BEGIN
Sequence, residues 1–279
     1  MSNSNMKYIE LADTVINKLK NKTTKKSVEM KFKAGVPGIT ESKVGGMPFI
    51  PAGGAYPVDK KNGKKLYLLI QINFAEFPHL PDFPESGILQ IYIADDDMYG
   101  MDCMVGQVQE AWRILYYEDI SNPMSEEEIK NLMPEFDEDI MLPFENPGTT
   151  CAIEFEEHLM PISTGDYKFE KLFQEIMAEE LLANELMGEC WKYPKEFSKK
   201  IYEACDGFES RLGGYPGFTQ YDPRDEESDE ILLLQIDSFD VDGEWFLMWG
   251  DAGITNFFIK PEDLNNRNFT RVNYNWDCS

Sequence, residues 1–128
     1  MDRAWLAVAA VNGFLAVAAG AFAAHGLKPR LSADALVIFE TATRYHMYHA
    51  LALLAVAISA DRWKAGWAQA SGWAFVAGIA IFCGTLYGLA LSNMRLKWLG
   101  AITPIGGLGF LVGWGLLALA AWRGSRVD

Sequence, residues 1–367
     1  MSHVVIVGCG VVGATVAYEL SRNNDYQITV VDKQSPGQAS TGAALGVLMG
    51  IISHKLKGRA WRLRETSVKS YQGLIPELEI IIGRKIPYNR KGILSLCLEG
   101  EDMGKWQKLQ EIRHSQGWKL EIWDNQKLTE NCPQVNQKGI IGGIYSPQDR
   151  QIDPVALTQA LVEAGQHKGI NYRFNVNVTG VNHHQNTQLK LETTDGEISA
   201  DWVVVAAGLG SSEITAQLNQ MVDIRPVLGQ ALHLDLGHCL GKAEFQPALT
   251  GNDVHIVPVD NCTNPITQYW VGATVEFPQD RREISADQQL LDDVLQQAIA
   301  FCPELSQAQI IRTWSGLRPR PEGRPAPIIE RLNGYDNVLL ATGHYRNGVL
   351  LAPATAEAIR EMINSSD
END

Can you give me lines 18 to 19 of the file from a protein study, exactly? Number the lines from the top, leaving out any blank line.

   251  GNDVHIVPVD NCTNPITQYW VGATVEFPQD RREISADQQL LDDVLQQAIA
   301  FCPELSQAQI IRTWSGLRPR PEGRPAPIIE RLNGYDNVLL ATGHYRNGVL